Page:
This was my first GM48 (though, not my first jam by any means), and I had a blast working on it! Development had a few ups and downs, but I ultimately ended up with a product I am very proud of.
When it came to the theme of "Small World", I was actually rather disappointed with how limiting it is as a theme, and was unsure of what to do for a long time. Still, there are a few very obvious base ideas that came to mind immediately, of which I eventually selected "game where you walk around a small planet" when I thought of some cool methods of presenting (and programming) it, figuring an arcade shooter in that style would be cool.
I've gotten a lot of compliments on the smooth menu transitions - they were among the first ideas I visualized and documented when I was initially developing the concept, and a big part of why I got so excited about making this game. Since the actual gameplay would end up being contained within this menu system, I actually got to making these transitions before anything else in the game; that way I can just make a state machine for the whole thing and slot the actual game into its place later. Most of the first night was actually spent on this, and in the end it was definitely worth it; working on a game with polished menus is way more encouraging, and if I pushed them later into the jam they would probably end up getting rushed.
In terms of making the actual game part, one of my proudest achievements is actually the player sprite and animations. The small pixel scale and large hat left me with very little space to communicate all the information necessary for the body. I spent probably an hour tweaking this sprite the first night, and I barely squeezed a really strong, striking pose into that handful of pixels and 4 different frames.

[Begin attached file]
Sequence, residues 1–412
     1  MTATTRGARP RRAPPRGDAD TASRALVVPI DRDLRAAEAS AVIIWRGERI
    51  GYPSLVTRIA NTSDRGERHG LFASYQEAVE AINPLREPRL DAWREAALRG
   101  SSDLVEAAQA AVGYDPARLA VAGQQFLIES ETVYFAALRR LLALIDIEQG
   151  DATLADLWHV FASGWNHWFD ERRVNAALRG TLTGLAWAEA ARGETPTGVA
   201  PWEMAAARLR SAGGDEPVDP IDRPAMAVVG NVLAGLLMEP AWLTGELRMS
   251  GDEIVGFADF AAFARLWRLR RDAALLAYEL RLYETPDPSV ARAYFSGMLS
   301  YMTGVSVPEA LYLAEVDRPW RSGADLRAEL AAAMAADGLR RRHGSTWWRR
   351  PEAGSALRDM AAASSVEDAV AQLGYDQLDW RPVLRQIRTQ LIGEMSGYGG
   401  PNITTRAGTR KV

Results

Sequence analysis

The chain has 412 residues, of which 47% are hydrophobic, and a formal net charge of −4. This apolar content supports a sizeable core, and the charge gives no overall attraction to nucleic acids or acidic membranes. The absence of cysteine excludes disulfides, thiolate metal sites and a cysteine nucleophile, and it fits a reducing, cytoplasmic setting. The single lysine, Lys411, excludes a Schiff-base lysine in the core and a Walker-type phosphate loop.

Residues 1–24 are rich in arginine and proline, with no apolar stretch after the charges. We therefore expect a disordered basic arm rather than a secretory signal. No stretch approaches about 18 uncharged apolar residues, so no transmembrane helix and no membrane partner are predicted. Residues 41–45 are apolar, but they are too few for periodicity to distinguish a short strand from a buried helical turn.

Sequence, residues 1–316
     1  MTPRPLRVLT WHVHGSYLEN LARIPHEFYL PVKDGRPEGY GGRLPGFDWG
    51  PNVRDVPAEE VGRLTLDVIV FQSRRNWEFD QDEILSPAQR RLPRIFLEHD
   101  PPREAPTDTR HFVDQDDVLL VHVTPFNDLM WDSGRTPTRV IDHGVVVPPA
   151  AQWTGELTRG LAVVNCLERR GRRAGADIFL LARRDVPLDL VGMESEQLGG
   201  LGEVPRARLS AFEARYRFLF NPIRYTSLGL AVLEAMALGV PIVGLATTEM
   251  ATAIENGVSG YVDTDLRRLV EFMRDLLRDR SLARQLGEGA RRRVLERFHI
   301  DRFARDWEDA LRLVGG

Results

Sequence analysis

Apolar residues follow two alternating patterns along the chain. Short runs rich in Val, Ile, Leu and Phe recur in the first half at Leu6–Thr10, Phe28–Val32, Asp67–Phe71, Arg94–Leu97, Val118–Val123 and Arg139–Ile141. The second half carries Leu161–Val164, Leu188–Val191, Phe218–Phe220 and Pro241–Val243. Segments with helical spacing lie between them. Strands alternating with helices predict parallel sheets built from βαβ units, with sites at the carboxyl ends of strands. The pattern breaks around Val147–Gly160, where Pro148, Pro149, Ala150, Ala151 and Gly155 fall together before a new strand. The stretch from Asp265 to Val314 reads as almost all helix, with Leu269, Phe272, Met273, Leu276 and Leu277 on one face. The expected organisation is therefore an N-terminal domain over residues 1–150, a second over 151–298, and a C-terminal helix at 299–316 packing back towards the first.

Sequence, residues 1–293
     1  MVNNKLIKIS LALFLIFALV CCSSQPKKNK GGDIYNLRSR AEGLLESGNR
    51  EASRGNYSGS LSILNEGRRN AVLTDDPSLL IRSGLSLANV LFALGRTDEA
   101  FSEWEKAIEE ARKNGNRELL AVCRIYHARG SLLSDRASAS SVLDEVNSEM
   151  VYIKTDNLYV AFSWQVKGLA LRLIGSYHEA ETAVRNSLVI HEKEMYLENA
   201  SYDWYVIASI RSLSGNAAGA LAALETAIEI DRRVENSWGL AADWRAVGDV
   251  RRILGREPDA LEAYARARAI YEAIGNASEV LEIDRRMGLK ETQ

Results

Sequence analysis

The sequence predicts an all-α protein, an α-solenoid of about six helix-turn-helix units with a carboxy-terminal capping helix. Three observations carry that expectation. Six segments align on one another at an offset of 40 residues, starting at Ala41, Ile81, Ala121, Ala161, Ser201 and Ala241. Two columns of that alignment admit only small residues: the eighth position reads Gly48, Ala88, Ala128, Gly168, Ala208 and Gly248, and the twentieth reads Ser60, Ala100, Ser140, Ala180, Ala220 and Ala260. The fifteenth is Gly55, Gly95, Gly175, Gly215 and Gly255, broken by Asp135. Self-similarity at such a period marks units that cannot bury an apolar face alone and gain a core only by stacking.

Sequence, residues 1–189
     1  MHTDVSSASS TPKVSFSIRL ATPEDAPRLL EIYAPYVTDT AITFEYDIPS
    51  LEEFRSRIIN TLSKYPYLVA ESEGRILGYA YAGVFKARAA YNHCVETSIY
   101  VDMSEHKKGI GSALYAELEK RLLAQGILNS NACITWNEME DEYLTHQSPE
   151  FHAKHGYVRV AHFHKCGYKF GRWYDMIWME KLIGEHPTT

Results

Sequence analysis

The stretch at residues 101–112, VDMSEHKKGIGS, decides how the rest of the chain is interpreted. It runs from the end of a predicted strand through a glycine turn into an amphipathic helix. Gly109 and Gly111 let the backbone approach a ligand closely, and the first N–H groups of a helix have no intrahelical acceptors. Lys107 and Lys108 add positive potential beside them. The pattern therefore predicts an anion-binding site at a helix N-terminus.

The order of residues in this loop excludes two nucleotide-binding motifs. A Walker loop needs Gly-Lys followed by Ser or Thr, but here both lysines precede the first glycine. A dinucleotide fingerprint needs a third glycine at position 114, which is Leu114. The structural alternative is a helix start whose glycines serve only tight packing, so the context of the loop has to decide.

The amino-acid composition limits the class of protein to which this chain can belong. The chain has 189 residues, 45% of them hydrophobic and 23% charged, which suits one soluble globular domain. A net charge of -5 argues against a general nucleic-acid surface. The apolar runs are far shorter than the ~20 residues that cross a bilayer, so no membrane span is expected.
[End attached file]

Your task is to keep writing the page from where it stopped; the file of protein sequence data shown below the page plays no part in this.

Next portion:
By the end of Friday night, I had the menu transitions and player sprite/movement implemented. Saturday began the implementation of enemies and systems, and was probably the hardest day of the jam. I had only mostly finished the enemies of the Bandit Planet by evening, and I had gotten so fried that I was somehow forgetting how to implement a wave-based spawning system. The game had no sound, tons of programmer art, and not even a finished level, and I was starting to feel very dejected. I actually considered dropping out of the jam altogether.
Let this be a lesson: ALWAYS PERSEVERE. I decided to work extra hard for the rest of the night before deciding whether to quit or not, and the game rapidly transformed from a depressingly incomplete demo into something fun and exciting. I implemented the wave based system as simply as possible, and I rapidfire banged out some tunes and sound effects. Let this be another lesson that you should always develop sounds/music alongside the rest of the game, it feels way better to have them in than to work on a silent project! Reinvigorated, I decided to keep on trucking to Sunday.
On the final day, I had to create the next levels and touch up much of the art. The Slime Planet ended up being far simpler to implement, and the Water planet was largely copy-pasted from the Bandit Planet's functionality. I decided on the title "The Final Frontiersman" since the player plays as a cowboy (frontiersman) in space (the final frontier)! Making the title art was one of the more fun things to do, as I designed it around the vibe of schlocky black-and-white movie titles.
In the end, the game was very successful, and received a ton of glowing feedback! Still, there were some criticisms, and some quality of life changes or other content I had to cut for time. But I truly love the game I made, and I'm very glad people are enjoying it - so much so that I'm currently planning to create a Deluxe Edition to flesh out the gameplay and the vision as much as I can (Follow me on twitter for updates huehue the link is on my profile page) I really am grateful to the GM community for giving me this opportunity, providing such great feedback, and, of course, playing my game!